Brianna Jones of rural Midland, S.D. took this photo of the family’s cattle corral which was severally damaged by the flooding Brave Bull Creek on Memorial Day weekend.
Brianna Jones of rural Midland, S.D. took this photo of the family’s cattle corral which was severally damaged by the flooding Brave Bull Creek on Memorial Day weekend.


By Codi Vallery-Mills


The national drought monitor released May 21 shows every part of the state of South Dakota out of drought. This comes as no surprise to its farmers and ranchers who have been dealing with large snow totals and continuous rain since February. 

Much of the state is saturated. Gravel and paved county roads throughout the state have been stressed. Turner, McCook, Davison, Tripp, Jones, Meade, Pennington, Harding, Butte, Ziebach, all have reports of roads that have been washed out or bridges damaged from the most recent weather. They join counties that had already experienced winter storm and heavy precipitation from earlier in May. 

Leading up to the Memorial Day weekend holiday, Philip, S.D. had to take action and sandbag its southern edge of town to keep the Bad River from rising into its downtown area. A storm system on Sunday, May 26 left some places with up to four inches of rain in less than a one-hour time period. The South Dakota town of Kennebec received over three inches and now its Medicine Creek is flooding parts of the town.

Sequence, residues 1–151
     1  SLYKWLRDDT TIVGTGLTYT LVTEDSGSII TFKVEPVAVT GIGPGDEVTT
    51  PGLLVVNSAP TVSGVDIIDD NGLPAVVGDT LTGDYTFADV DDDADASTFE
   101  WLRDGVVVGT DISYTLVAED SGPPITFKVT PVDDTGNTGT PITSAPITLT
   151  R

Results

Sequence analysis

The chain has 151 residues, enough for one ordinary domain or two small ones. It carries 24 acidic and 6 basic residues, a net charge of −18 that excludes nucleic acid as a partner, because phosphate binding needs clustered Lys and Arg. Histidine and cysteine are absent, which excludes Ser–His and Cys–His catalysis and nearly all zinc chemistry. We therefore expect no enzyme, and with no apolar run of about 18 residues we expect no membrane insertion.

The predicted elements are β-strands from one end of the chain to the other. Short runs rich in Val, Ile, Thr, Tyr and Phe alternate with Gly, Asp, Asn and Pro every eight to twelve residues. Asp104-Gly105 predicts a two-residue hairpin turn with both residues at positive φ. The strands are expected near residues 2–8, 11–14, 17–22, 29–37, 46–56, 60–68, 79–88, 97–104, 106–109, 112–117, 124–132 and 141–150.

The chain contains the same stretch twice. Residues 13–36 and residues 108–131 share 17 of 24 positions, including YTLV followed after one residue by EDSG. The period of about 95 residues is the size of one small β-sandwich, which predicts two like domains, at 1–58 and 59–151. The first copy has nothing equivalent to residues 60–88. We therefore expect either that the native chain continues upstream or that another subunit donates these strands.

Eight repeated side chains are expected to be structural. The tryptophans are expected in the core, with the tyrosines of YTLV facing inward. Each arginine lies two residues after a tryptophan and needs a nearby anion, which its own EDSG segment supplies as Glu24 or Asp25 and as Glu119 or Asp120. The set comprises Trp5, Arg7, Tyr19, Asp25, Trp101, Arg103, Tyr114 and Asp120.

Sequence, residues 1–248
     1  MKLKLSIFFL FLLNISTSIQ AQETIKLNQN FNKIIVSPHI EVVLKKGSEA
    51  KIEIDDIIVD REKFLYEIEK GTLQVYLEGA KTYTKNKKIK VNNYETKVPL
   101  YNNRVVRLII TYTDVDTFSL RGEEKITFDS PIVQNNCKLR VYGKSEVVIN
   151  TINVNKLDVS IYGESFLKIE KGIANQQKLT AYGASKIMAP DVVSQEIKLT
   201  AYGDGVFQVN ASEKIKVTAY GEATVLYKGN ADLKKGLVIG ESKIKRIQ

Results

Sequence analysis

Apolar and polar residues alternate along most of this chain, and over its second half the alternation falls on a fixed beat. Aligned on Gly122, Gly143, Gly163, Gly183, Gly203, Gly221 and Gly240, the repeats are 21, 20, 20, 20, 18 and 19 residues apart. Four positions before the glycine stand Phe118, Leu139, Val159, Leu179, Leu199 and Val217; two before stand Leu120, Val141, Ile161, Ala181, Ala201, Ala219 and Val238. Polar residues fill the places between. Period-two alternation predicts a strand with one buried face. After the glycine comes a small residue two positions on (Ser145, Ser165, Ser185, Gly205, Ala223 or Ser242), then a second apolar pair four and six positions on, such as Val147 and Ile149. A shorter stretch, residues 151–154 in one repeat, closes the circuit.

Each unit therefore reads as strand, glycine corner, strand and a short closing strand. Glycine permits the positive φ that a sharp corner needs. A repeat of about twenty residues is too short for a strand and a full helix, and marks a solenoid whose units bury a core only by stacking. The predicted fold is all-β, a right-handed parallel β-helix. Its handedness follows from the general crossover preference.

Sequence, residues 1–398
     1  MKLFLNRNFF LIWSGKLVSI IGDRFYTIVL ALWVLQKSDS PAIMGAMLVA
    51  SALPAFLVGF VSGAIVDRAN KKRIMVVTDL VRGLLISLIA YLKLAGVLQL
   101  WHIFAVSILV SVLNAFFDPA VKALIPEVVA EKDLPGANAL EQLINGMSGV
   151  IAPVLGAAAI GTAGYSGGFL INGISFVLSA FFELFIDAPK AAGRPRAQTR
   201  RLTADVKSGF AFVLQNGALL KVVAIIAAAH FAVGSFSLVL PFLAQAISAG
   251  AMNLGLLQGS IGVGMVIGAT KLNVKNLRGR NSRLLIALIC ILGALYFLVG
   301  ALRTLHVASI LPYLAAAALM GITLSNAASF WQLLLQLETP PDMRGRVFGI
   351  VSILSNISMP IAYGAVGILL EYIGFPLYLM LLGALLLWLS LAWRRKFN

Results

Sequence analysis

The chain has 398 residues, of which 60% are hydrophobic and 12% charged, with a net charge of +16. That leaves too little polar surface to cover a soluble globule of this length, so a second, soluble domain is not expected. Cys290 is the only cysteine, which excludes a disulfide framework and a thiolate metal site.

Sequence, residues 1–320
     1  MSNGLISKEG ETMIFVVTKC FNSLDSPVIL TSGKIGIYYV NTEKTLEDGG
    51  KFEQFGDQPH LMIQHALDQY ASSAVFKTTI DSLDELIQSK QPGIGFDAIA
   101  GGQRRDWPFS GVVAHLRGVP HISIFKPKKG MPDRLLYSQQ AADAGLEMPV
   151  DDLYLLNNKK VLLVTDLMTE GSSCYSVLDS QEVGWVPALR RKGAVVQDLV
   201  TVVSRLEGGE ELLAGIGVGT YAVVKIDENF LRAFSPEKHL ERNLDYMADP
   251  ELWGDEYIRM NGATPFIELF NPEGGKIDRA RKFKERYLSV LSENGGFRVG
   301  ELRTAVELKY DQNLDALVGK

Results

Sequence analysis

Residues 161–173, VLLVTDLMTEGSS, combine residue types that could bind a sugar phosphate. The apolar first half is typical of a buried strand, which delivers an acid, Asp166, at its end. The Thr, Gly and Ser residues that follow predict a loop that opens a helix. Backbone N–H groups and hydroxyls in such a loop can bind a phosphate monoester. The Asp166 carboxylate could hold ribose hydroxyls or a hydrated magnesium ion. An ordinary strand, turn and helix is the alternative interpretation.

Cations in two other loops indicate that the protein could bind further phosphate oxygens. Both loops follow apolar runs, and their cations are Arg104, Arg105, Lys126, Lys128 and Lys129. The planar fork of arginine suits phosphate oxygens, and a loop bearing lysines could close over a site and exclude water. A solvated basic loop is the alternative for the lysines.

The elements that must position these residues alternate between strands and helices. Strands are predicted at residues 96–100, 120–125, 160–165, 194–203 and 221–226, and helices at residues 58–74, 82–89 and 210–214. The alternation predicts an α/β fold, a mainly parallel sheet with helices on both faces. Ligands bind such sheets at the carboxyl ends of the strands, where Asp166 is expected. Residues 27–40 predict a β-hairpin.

Damaged infrastructure costs are beginning to mount for townships, cities, and counties across the state. Without adequate roads it will make hauling cattle to spring pasture and planting summer crops – that is if farm ground ever dries up enough – an arduous task as it will likely require extra miles to navigate in on different roads.

In early May Governor Kristi Noem requested a Presidential Disaster Declaration to help South Dakotans and local governmental entities recover from property damage sustained during the statewide winter weather and flooding this spring.

Noem noted then that people had to be rescued from their flooded homes; city wastewater treatment plans and sewage lagoons were overwhelmed from high water; highways, ranging from the interstates to the county roads, were closed and damaged by both snow and water; power outages occurred in different parts of the state; and, the state’s agricultural industry was impacted by damage to fields and livestock.

This recent round of storms will likely see additional counties added to the list of those requesting disaster aid.